On this wikipedia page negative binomial distribution, Negative binomial was derived as integrating out the lambda from Gamma-Poisson mixture.

I tried to follow the proof step by step, but I am stuck in last step where the author used what I think is the following in the proof:

$$\frac{\Gamma(t)}{b^t}=\int_0^\infty x^{t-1}e^{-xb}dx$$

I understand Gamma function is defined as this: $$\Gamma(t)=\int_0^\infty x^{t-1}e^{-x}dx$$

But I couldn't get my head around how the former was derived and wolfram alpha is no help. My question is 1) Does this identity hold? and 2) if so why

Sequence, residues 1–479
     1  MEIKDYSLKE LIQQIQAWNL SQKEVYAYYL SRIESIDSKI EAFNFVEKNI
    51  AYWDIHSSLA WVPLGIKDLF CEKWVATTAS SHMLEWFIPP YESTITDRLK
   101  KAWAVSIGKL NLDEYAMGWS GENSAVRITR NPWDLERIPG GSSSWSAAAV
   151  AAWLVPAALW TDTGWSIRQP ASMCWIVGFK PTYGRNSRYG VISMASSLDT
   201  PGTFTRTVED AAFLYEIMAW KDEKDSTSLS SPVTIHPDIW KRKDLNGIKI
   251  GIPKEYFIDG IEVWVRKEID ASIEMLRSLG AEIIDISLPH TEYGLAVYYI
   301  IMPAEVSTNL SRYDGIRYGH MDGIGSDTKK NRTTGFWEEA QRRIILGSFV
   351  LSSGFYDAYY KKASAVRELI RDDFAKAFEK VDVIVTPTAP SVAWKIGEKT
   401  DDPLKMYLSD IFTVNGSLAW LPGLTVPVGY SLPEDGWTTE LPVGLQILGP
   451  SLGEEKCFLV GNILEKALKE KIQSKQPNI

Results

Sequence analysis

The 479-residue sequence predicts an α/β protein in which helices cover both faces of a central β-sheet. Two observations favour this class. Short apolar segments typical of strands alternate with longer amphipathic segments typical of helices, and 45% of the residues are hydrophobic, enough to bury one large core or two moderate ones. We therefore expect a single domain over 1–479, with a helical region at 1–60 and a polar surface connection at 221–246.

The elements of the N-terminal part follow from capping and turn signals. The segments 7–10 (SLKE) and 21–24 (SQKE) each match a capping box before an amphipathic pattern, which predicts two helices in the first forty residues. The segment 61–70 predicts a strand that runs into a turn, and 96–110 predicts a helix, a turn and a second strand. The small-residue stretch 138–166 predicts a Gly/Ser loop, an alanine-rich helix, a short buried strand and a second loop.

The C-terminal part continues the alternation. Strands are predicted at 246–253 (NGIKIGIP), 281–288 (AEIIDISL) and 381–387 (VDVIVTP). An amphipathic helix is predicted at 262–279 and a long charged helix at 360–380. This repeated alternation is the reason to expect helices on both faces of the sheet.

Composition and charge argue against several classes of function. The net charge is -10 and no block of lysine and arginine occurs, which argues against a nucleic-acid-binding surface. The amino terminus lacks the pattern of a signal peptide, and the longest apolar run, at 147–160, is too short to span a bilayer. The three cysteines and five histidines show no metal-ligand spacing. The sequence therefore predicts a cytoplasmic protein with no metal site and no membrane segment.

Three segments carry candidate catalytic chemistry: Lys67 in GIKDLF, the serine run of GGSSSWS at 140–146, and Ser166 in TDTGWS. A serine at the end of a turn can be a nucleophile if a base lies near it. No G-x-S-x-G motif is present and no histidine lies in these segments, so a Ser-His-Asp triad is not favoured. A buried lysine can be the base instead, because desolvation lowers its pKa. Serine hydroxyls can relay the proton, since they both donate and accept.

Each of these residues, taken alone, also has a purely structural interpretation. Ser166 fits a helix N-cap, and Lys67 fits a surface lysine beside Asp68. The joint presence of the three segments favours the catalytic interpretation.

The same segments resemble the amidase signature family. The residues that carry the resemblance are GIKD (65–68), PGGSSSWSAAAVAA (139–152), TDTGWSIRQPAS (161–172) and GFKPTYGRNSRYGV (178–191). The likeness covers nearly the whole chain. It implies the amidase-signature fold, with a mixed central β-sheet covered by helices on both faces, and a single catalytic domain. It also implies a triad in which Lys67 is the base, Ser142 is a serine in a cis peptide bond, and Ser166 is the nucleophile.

Yes, this identity holds. Observe that $$\frac{\Gamma(t)}{b^t}=\int_0^\infty x^{t-1}e^{-xb}dx$$ can be written (by multiplying both sides with $b^t$) equivalently as $$\Gamma(t)=b^t\int_0^\infty x^{t-1}e^{-xb}dx=b\int_0^\infty (xb)^{t-1}e^{-xb}dx$$ (integration is with respect to $x$ not $t$, so you can do it!). Now subsitute $u:=xb$ to obtain the equality, since this transformation does not change the integration limits and $$b\cdot dx=du$$


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